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Taipei takes attendance top spot with loans from China

Asian art is in the ascendancy globally, while in Europe, Salvador Dalí reigns supreme

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Dutch Old Masters from the Mauritshuis, the Hague, on the Tokyo leg of a world tour topped our international survey of exhibitions in 2012. In 2013, the top two paying shows were again in Asia. In Taipei, loans of ancient gold, jade and bronze artefacts from mainland China alongside works in the collection of the National Palace Museum pulled in the crowds (10,946 a day) for its “Western Zhou Dynasty” show. Paintings from the Lingnan school of the 19th and 20th century attracted almost as many visitors (10,711 a day) to the same institution.

Europe witnessed a “Dalí” double hit. In Paris and Madrid the show was the top-paying exhibition. In the French capital, it broke the Centre Pompidou’s daily attendance record. Last year, 7,364 people a day went to see the Spanish artist’s work (790,000 in total). But in 1979, its first Dalí exhibition attracted more visitors in total (900,000). In Madrid, “Dalí” also saw queues snaking outside the Museo Nacional Centro de Arte Reina Sofía. But the show’s 6,615 visitors a day did not beat the record set by the Picassos lent by the Musée Picasso, Paris, in 2008.

Free-entry blockbusters

For free exhibitions, Rio de Janeiro’s Centro Cultural Banco do Brasil again comes top of our survey. Its most popular show “Impressionism: Paris and Modernity”, featuring loans from the Musée d’Orsay, Paris, drew 8,099 visitors a day, repaying the $5.6m cost of bringing works by Manet, Degas and Monet and others to Rio and to its branch in São Paulo the year before. The artists in the centre’s next most popular show are unknown and from China, the so-called “peasant da Vincis” brought to the world’s attention by international star Chinese artist Cai Guo-Qiang. A show about animation starring cartoon favourites Betty Boop and Popeye, among others, also did well at the Rio venue.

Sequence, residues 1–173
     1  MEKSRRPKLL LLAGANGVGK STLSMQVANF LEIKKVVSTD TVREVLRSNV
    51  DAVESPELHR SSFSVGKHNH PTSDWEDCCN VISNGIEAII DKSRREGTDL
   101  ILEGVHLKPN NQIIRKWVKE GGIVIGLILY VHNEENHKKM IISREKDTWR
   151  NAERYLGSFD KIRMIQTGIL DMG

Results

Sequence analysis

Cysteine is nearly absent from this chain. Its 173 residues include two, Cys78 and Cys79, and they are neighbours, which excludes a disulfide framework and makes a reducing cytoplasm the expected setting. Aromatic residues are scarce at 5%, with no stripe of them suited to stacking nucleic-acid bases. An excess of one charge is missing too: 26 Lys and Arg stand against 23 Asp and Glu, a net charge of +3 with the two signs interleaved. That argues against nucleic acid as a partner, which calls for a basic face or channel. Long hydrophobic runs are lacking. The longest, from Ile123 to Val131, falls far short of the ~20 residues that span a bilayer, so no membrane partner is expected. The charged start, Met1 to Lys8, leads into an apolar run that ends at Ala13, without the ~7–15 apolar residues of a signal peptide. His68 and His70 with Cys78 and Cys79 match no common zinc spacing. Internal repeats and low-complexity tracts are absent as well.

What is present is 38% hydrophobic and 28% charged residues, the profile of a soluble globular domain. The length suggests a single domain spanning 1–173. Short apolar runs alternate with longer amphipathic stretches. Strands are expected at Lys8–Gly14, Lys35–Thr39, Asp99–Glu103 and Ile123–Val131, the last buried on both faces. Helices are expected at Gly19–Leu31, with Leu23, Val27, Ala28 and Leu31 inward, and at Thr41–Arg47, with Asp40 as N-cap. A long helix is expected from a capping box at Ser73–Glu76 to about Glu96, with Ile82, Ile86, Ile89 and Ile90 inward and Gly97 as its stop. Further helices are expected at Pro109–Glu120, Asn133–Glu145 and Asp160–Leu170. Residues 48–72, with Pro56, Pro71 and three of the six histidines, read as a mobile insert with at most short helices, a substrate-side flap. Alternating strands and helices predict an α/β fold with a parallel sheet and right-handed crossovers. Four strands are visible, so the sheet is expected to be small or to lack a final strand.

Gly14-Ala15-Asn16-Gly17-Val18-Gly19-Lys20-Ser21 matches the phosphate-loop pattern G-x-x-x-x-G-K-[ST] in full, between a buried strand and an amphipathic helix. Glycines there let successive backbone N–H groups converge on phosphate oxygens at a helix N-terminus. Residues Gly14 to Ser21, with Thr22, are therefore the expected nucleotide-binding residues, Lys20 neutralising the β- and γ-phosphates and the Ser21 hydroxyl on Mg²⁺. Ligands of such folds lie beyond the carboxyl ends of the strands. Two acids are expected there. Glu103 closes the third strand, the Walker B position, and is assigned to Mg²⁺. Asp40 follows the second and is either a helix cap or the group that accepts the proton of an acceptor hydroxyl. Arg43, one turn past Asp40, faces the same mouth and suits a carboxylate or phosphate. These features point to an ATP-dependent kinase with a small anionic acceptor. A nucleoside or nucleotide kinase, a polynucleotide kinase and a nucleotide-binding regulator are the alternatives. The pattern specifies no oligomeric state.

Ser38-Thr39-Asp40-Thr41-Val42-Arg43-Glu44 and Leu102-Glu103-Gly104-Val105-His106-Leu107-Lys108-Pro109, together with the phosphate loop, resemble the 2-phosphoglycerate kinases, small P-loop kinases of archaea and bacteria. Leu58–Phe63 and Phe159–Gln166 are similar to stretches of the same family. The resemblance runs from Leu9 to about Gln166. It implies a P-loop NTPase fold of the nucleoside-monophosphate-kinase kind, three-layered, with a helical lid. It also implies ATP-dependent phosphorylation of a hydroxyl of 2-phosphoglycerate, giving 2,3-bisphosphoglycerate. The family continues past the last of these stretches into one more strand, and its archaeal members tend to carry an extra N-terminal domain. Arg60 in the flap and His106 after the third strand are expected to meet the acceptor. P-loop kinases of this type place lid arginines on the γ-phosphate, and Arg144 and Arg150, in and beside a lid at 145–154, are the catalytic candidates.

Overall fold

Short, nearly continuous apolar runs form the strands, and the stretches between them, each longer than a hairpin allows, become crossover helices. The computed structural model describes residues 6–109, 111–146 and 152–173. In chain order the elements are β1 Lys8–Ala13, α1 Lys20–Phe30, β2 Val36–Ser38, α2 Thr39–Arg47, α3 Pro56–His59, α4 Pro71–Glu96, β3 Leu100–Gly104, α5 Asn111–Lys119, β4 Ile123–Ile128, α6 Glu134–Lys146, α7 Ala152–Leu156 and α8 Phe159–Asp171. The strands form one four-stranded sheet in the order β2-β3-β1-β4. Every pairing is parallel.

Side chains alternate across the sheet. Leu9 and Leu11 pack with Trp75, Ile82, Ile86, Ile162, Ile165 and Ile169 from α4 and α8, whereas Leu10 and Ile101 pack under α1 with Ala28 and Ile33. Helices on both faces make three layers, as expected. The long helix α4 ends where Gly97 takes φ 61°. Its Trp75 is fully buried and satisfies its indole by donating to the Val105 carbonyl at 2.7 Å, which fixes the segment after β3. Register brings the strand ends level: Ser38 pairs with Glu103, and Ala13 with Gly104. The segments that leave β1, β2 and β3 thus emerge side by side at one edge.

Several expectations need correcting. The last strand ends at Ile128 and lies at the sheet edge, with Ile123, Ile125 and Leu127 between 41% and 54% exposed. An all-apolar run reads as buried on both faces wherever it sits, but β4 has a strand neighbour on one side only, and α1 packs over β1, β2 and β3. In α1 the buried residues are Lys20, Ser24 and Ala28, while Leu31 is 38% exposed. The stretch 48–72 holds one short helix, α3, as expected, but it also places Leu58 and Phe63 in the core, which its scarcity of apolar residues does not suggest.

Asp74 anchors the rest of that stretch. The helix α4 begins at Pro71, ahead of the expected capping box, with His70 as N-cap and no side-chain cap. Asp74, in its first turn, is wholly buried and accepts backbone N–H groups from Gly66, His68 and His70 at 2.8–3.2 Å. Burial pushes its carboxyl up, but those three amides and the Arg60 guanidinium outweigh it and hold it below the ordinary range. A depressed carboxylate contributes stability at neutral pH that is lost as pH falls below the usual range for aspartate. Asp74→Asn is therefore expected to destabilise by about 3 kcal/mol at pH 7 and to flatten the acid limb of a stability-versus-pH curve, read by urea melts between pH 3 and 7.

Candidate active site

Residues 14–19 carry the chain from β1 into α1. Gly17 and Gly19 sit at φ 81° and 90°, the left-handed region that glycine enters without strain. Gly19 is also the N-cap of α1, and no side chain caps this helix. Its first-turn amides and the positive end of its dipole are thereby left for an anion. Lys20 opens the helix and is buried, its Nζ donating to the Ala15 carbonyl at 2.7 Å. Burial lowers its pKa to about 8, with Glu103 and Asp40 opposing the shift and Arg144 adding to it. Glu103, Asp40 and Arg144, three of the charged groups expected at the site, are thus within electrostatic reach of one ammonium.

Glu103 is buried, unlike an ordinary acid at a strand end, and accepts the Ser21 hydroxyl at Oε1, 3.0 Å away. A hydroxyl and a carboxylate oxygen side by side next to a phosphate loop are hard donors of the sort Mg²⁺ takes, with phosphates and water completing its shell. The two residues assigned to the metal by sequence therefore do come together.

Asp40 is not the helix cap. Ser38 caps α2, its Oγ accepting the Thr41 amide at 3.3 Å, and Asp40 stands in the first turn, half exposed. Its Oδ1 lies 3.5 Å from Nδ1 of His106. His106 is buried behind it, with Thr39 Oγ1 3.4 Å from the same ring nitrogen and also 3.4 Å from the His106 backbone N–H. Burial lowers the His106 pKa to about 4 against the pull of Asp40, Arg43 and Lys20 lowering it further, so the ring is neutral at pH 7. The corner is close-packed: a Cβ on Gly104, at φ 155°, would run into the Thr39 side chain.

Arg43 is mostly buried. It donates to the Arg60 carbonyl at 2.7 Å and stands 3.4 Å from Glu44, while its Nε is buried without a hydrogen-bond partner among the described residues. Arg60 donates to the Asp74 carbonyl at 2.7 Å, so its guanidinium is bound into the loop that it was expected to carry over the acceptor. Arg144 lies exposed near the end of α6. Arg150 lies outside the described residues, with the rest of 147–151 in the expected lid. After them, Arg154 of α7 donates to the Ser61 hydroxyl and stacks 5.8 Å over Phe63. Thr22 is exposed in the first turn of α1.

Loans to China of Fabergé eggs from the Kremlin Museums in Moscow attracted 5,967 visitors a day to the Shanghai Museum, which is free to enter, putting it among the top ten best-attended shows. Paintings by Raphael travelled from the Uffizi for a sure-fire paying blockbuster in Tokyo at the National Museum of Western Art, boosted by loans from the Vatican Museums as well as the Musée du Louvre and the Museo del Prado in Madrid, among other institutions. The show attracted 6,172 visitors a day (entry included with general admission). This is 1,800 more than the Louvre attracted with an exhibition of late works by the Renaissance master.

Last year, Norway celebrated the birth of its most famous artist. The sesquicentennial exhibition “Edvard Munch 150” at the National Gallery, Oslo, was the main event, co-organised by the National Museum and the Munch Museum. It attracted 2,918 visitors a day. But, a version of one Munch painting, albeit his most famous work, The Scream, drew 5,528 visitors a day when on loan to New York’s Museum of Modern Art (MoMA).

Russia’s love affair with Italian art was confirmed by the crowds that flocked to see “From Guercino to Caravaggio” at the Hermitage. The paintings collected by the late Denis Mahon and donated to Italian institutions attracted 11,122 a day, but as entry is included with general admission, the figure reflects the number of people in the St Petersburg museum on any given day.

London’s Tate Modern reports that 11,670 visitors a day went to see a video installation by William Kentridge in the Tanks, the former oil reservoirs converted into a performance and display space. Both the Hermitage and Tanks shows feature in our “big ticket” category (see p9).

In a category of its own is the Nara National Museum’s annual temple treasure show. Last year’s selection, including a zither and incense burner, drew 14,743 visitors/pilgrims a day.